Earlier this year, Statistics Finland reported that the average monthly salary for full-time workers in the country has grown by €100 ($108) since 2013, reaching €3,300 ($3,600). Additionally, a correlation between the level of income and education was reported. An average Finnish PhD reportedly earns €4,900 ($5,280), against a monthly salary of €2,600 ($2,800) for people with only secondary education.
A native of Helsinki, Bengt Holmström, who is a former director of Nokia, has been living in the US for about 40 years, yet remains a Finnish citizen. Today, he is an economist at the Massachusetts Institute of Technology. Holmström rose to fame due to his theory of developing contracts for top managers, in a bid to achieve better performance.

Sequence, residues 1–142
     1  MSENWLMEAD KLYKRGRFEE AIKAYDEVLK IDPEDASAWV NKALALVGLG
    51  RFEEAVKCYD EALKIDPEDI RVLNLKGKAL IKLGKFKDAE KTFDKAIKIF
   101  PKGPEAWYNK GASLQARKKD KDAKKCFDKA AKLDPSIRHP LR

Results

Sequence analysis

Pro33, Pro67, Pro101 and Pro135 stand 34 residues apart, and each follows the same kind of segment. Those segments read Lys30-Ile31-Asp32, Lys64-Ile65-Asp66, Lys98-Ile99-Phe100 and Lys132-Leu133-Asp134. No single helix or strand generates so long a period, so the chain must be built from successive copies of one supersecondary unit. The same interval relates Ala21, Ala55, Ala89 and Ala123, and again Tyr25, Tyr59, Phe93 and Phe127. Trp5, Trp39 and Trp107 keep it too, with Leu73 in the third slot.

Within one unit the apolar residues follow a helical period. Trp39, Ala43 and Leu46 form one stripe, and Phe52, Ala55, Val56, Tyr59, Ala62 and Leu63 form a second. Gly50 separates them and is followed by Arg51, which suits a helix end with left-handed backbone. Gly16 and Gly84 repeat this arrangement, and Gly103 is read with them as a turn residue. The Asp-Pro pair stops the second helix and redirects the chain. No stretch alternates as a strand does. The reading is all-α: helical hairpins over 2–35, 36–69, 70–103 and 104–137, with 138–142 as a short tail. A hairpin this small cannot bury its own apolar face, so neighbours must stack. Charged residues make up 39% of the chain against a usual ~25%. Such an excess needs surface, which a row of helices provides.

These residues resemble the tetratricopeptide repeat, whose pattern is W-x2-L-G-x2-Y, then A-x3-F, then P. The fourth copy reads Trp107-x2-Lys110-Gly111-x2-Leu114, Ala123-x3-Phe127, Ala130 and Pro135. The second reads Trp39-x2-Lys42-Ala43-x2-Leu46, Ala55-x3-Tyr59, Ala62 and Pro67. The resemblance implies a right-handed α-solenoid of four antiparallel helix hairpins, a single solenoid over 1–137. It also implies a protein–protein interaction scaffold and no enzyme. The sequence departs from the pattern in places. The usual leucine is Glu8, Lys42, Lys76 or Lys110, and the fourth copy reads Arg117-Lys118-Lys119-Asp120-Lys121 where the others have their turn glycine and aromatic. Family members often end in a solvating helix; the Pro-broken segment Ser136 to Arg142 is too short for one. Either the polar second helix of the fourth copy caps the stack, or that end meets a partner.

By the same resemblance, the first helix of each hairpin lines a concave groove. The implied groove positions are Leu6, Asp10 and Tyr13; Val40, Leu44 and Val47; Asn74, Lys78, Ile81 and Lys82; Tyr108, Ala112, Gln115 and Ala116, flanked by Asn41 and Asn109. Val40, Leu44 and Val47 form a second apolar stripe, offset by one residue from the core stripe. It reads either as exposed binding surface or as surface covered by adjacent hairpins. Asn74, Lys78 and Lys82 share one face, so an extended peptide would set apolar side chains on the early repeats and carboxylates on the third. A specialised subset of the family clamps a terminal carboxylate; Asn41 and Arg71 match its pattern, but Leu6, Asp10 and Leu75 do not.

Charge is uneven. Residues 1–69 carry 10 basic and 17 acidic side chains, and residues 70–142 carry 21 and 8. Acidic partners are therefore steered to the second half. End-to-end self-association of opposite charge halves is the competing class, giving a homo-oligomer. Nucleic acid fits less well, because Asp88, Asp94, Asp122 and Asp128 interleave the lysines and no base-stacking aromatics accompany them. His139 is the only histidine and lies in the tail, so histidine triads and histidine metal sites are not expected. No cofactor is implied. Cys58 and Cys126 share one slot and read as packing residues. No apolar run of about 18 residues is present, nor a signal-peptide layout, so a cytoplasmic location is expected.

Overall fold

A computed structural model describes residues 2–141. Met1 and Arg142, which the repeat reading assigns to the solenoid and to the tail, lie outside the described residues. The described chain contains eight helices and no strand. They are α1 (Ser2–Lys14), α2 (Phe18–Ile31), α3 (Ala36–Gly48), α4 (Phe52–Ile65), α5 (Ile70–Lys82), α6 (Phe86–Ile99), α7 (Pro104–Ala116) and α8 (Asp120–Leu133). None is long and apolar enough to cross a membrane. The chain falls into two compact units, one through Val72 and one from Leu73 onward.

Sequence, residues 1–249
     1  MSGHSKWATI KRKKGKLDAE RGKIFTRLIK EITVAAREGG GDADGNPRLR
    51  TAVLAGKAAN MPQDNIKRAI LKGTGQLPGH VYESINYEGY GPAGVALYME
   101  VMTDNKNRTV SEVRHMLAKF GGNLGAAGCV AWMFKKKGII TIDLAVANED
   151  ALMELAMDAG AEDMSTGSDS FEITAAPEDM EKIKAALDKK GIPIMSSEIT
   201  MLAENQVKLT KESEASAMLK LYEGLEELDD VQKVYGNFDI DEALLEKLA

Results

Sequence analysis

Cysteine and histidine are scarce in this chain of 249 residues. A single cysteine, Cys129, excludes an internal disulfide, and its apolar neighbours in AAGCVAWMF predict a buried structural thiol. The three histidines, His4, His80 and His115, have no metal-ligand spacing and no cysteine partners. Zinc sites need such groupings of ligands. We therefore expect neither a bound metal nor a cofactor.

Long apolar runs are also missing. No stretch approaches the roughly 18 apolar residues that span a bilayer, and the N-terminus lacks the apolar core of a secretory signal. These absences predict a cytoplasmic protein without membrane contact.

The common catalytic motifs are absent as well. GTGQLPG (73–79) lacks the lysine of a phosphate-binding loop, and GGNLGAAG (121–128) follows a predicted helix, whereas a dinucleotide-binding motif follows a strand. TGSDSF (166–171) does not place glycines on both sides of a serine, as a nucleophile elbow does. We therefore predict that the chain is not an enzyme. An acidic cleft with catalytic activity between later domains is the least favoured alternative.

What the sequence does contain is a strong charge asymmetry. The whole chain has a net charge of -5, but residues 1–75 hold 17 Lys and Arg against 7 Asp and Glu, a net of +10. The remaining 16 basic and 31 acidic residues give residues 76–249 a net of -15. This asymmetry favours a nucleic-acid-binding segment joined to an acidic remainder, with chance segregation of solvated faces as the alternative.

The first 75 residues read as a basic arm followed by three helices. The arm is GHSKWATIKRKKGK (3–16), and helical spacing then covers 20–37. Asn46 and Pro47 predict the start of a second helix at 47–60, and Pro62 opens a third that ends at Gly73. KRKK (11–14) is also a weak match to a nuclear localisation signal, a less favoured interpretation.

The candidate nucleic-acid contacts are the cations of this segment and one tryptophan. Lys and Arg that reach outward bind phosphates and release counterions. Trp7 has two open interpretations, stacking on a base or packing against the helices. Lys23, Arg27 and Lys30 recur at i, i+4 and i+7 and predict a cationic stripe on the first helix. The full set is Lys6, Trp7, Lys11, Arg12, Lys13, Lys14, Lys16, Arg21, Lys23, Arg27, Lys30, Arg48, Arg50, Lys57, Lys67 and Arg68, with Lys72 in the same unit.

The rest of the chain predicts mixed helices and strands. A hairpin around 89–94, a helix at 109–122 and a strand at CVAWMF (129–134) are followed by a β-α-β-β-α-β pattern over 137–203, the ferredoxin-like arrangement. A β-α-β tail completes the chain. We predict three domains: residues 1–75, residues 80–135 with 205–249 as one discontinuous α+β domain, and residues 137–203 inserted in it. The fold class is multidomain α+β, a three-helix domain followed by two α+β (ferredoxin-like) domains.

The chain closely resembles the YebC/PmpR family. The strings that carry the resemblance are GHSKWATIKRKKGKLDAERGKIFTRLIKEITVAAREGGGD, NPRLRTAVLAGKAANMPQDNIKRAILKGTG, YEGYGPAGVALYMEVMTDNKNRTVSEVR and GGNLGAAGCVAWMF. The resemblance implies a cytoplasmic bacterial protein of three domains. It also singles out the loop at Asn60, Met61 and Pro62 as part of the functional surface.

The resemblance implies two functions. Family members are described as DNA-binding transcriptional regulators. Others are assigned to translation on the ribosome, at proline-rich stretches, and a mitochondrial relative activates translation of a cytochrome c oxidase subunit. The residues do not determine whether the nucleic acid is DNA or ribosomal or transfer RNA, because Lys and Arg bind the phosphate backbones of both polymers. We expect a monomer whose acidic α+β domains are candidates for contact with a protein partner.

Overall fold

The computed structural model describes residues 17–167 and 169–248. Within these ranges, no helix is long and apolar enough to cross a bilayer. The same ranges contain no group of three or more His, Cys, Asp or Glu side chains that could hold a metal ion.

Holmström's "informativeness principle" is a model for how the CEO's contract should link their pay to information relevant to their performance, after due regard has been paid to weighing risks against incentives. For this theory, Holmström was awarded the 2016 Nobel Prize in Economics together with fellow economist Oliver Hart. This award is of particular importance today, given the international debate about excessive remuneration packages given to top managers and board members.
Remarkably, Holmström also criticized the single European currency, which according to him "inhibited Finland's development." According to him, the downturn in the world economy had a negative impact on Finland due to its pronounced export orientation.